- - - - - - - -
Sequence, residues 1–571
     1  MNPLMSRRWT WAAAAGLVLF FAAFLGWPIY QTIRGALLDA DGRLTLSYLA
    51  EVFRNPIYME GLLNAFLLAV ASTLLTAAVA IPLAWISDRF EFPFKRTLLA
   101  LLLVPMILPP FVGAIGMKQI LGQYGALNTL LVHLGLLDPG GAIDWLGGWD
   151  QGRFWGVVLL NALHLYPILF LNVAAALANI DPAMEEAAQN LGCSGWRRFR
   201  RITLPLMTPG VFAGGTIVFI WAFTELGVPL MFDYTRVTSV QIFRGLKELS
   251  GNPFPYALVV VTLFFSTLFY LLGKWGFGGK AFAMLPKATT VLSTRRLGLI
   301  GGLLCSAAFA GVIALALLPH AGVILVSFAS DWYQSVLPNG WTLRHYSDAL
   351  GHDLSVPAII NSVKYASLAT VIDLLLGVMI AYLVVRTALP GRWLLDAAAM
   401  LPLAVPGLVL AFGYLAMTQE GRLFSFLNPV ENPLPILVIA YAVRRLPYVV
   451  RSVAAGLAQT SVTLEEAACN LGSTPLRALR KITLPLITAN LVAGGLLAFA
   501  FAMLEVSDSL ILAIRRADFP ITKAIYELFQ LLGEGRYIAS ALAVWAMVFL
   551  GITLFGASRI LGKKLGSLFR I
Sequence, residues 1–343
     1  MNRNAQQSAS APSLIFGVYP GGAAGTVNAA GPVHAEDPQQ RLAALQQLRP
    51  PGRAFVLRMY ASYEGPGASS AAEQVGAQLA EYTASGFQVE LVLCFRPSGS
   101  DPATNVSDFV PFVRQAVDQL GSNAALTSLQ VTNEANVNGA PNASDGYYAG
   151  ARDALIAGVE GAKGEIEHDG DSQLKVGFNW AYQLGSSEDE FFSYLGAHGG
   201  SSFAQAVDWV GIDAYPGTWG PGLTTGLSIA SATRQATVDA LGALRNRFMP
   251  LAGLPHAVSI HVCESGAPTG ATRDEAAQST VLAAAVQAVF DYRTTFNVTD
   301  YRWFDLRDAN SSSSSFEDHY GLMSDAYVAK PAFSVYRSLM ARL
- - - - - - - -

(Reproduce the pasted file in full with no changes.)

Sequence, residues 1–571
     1  MNPLMSRRWT WAAAAGLVLF FAAFLGWPIY QTIRGALLDA DGRLTLSYLA
    51  EVFRNPIYME GLLNAFLLAV ASTLLTAAVA IPLAWISDRF EFPFKRTLLA
   101  LLLVPMILPP FVGAIGMKQI LGQYGALNTL LVHLGLLDPG GAIDWLGGWD
   151  QGRFWGVVLL NALHLYPILF LNVAAALANI DPAMEEAAQN LGCSGWRRFR
   201  RITLPLMTPG VFAGGTIVFI WAFTELGVPL MFDYTRVTSV QIFRGLKELS
   251  GNPFPYALVV VTLFFSTLFY LLGKWGFGGK AFAMLPKATT VLSTRRLGLI
   301  GGLLCSAAFA GVIALALLPH AGVILVSFAS DWYQSVLPNG WTLRHYSDAL
   351  GHDLSVPAII NSVKYASLAT VIDLLLGVMI AYLVVRTALP GRWLLDAAAM
   401  LPLAVPGLVL AFGYLAMTQE GRLFSFLNPV ENPLPILVIA YAVRRLPYVV
   451  RSVAAGLAQT SVTLEEAACN LGSTPLRALR KITLPLITAN LVAGGLLAFA
   501  FAMLEVSDSL ILAIRRADFP ITKAIYELFQ LLGEGRYIAS ALAVWAMVFL
   551  GITLFGASRI LGKKLGSLFR I
Sequence, residues 1–343
     1  MNRNAQQSAS APSLIFGVYP GGAAGTVNAA GPVHAEDPQQ RLAALQQLRP
    51  PGRAFVLRMY ASYEGPGASS AAEQVGAQLA EYTASGFQVE LVLCFRPSGS
   101  DPATNVSDFV PFVRQAVDQL GSNAALTSLQ VTNEANVNGA PNASDGYYAG
   151  ARDALIAGVE GAKGEIEHDG DSQLKVGFNW AYQLGSSEDE FFSYLGAHGG
   201  SSFAQAVDWV GIDAYPGTWG PGLTTGLSIA SATRQATVDA LGALRNRFMP
   251  LAGLPHAVSI HVCESGAPTG ATRDEAAQST VLAAAVQAVF DYRTTFNVTD
   301  YRWFDLRDAN SSSSSFEDHY GLMSDAYVAK PAFSVYRSLM ARL